ST. LOUIS, Mo. — For the last four decades, people who live in Tree City USA communities have enjoyed the benefits of having greener, healthier places to live. In Missouri, that includes 88 communities representing almost 43 percent of the state’s population.
Tree City USA is a national recognition program sponsored by the Arbor Day Foundation and administered in this state by the Missouri Department of Conservation (MDC).
MDC recently recognized the 40th anniversary of the national program by celebrating the 88 Missouri communities in the program at a special event on Sept. 12 in St. Louis at the Missouri Botanical Garden.
“After 40 years, it’s clear that Tree City USA is a proven framework to help communities establish a healthy, sustainable urban forestry program,” said Russell Hinnah, MDC forestry field program supervisor. “This program helps communities invest in their trees, which makes those communities better places to live.”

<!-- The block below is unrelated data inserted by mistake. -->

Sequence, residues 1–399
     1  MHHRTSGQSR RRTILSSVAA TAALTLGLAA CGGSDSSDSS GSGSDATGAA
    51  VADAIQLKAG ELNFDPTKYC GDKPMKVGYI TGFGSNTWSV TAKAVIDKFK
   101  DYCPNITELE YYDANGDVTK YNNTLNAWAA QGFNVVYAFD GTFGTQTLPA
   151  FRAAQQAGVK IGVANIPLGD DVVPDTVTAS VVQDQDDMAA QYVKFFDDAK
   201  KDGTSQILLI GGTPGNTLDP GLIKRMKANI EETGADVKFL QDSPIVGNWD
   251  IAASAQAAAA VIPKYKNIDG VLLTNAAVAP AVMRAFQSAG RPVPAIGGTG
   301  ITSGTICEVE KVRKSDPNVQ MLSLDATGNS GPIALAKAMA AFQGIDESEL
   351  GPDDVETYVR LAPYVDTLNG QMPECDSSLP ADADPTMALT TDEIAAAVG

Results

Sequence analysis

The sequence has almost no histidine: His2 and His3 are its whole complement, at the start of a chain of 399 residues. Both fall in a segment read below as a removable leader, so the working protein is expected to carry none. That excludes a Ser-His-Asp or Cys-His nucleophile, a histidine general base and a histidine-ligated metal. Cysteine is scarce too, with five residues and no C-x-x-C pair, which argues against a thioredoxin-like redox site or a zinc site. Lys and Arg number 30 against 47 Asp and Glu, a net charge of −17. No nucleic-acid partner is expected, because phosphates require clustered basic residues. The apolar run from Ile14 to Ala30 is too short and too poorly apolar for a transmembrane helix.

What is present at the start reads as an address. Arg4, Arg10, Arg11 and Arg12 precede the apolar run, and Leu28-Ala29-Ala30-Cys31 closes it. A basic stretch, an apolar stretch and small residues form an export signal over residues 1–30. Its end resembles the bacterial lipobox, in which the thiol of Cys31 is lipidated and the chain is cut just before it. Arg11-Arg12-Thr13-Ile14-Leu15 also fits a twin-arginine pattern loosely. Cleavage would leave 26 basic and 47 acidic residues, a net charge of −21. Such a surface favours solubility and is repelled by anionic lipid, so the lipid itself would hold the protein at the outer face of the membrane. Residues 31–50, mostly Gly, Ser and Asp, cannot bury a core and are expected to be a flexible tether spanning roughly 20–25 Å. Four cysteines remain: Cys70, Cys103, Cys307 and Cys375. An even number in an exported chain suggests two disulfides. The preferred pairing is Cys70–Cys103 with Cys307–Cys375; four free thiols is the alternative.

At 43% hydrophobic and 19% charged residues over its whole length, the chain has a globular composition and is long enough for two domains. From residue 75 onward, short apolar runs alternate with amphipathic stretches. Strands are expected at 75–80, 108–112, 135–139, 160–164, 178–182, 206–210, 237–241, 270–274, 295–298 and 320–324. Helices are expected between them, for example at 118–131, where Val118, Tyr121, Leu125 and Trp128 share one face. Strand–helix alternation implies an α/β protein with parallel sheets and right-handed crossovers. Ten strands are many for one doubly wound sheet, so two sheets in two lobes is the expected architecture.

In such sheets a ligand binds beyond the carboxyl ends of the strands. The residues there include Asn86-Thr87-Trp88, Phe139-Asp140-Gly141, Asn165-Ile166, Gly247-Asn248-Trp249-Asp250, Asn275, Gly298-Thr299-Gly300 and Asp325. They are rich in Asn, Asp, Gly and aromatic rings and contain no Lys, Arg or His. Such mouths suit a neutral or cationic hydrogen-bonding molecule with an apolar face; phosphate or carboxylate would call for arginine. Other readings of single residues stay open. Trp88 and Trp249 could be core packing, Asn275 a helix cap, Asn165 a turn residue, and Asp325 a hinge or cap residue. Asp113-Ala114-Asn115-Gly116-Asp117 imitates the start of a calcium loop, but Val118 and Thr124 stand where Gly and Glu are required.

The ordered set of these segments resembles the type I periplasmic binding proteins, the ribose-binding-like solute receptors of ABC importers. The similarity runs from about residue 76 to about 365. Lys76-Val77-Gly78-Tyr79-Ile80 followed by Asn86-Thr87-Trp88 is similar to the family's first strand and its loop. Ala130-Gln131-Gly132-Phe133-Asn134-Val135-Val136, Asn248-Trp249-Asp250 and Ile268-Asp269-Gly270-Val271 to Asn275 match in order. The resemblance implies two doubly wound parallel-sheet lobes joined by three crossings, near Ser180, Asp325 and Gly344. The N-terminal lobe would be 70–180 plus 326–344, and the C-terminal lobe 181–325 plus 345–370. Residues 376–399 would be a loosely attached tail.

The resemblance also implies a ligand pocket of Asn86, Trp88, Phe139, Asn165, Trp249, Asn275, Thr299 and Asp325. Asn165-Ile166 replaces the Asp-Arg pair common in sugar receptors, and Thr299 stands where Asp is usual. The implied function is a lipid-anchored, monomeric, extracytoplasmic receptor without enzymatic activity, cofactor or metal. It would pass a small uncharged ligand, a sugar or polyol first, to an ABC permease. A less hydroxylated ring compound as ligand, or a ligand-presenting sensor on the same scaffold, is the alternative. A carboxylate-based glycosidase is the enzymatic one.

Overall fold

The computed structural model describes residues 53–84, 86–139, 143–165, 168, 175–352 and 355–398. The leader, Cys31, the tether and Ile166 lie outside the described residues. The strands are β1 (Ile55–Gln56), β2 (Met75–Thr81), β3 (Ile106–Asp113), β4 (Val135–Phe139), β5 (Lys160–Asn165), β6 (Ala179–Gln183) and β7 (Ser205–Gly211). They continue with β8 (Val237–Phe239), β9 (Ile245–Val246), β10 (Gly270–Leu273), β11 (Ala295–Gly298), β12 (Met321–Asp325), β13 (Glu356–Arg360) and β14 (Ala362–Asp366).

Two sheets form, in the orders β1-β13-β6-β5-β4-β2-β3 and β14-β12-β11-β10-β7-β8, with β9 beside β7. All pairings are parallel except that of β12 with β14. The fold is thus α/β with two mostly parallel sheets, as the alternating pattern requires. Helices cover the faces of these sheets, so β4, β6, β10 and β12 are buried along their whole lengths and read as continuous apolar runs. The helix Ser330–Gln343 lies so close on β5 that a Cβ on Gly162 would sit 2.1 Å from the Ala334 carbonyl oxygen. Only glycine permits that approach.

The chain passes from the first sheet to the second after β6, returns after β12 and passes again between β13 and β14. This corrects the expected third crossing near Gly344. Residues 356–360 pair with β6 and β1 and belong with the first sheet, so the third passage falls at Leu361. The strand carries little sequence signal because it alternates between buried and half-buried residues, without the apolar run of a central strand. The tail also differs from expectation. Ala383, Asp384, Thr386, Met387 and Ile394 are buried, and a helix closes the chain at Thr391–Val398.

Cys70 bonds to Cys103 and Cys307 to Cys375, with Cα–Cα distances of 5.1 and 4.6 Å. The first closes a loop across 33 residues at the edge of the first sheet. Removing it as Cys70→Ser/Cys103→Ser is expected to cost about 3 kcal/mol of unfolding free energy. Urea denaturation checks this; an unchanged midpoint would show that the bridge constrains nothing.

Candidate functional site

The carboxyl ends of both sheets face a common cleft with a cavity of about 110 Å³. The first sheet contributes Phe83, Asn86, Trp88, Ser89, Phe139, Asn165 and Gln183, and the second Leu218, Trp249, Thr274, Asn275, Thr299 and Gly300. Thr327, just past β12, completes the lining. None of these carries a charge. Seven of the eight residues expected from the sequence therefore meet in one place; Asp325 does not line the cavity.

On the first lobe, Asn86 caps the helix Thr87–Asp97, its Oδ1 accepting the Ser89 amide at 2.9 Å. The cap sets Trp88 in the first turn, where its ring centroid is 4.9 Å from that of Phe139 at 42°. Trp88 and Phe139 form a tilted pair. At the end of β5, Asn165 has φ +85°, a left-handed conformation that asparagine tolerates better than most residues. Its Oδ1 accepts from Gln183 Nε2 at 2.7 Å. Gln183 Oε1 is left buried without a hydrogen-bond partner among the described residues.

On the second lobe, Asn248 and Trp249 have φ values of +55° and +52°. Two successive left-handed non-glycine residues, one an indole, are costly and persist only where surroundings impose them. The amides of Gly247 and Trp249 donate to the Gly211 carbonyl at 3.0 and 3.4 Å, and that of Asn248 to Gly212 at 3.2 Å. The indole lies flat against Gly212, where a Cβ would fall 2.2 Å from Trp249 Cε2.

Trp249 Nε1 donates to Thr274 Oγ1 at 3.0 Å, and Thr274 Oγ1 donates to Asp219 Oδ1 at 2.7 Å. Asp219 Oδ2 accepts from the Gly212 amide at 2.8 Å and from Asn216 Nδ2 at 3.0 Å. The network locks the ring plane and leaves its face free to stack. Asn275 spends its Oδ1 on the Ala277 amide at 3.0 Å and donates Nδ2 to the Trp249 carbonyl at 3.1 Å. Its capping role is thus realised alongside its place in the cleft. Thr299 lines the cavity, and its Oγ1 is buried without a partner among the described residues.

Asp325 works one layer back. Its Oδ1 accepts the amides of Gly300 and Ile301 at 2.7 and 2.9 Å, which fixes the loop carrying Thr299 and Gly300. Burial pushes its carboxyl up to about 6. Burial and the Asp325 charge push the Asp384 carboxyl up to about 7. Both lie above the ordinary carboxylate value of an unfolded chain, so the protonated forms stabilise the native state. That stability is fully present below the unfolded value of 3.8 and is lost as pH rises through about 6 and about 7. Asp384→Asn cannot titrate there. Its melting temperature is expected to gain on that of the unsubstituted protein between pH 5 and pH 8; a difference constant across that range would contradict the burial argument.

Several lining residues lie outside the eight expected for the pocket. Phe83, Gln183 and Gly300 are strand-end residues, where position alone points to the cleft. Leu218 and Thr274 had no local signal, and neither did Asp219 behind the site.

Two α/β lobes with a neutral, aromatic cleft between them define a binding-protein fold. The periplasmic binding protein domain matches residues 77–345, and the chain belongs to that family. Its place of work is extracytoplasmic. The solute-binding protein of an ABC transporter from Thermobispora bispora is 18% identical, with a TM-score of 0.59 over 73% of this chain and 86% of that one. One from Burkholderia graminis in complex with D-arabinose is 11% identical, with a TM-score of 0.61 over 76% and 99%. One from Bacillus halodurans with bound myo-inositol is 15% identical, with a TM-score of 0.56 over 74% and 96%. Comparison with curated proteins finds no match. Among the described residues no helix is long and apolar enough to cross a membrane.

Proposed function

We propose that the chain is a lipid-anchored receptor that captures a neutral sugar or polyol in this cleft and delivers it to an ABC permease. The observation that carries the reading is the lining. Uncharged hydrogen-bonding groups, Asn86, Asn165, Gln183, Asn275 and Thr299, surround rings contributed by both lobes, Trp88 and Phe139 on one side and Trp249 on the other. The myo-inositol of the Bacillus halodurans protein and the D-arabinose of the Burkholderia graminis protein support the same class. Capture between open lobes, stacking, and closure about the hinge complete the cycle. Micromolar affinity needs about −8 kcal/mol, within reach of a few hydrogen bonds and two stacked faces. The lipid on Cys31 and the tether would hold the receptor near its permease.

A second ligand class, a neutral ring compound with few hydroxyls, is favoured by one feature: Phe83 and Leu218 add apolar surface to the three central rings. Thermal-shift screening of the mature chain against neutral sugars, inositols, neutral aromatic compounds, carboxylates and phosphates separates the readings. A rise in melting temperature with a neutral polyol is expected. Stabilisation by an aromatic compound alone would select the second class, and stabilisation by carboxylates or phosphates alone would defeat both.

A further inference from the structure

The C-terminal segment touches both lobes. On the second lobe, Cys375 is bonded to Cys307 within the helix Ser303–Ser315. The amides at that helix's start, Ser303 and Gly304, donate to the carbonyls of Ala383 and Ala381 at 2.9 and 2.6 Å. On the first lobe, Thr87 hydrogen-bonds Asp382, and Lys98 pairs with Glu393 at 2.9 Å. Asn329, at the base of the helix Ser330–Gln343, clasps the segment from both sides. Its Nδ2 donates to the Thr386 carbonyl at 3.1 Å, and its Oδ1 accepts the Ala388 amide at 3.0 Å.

Only 16 cities nationwide have been in the program for the full 40 years. Although none are in Missouri, there are several with 30-plus years, including Des Peres (33 years), Ellisville (35 years), Fenton (32 years), Mexico (37 years), Rock Hill (30 years), Springfield (31 years), St. Louis (34 years), University City (34 years), and Webster Groves (33 years).
“The Department has set a new goal to add 40 new communities to the program over the next five years,” said Draper. “Our foresters are ready to assist any municipality interested in joining the program.”
Tree City USA requires communities to meet four fundamental standards. Each community must maintain a tree board or department, establish a tree-care ordinance, develop a community forestry program with an annual budget of at least $2 per capita, and celebrate Arbor Day each year.
That flexibility allows communities of any size to participate. Kansas City is the biggest Missouri community in the Tree City USA program, with a population of 467,000 people. Augusta is the smallest, with 249 people.
In 2015, Missouri Tree City USA communities invested $20 million in tree and forest management, including tree inventories, pruning, planting, hazard assessments, education, and planning.